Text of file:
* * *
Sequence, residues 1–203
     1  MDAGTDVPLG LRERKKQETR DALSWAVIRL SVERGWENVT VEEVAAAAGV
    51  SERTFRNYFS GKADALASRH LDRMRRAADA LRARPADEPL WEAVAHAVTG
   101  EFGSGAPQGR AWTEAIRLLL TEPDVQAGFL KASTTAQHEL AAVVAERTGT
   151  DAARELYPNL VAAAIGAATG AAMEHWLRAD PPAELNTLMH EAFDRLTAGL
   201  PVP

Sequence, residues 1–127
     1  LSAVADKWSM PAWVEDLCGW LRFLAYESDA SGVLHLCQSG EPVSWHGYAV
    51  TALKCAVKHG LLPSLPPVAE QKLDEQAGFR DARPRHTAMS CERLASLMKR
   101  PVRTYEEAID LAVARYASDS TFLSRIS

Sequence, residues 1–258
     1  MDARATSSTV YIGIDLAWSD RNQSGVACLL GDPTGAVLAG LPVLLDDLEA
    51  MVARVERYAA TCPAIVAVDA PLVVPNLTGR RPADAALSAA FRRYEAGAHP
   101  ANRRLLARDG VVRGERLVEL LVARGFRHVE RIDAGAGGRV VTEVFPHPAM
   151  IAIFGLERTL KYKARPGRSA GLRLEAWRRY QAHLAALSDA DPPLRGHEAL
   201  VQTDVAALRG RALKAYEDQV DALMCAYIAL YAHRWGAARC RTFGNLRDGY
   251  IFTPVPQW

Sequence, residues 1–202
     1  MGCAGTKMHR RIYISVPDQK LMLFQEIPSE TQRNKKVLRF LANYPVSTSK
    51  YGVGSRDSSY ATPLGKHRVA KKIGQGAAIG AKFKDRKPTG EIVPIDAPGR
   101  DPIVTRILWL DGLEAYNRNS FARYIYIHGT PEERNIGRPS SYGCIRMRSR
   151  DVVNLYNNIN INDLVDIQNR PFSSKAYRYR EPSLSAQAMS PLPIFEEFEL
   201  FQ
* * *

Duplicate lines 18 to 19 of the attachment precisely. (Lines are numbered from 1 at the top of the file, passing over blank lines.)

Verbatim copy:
Sequence, residues 1–202
     1  MGCAGTKMHR RIYISVPDQK LMLFQEIPSE TQRNKKVLRF LANYPVSTSK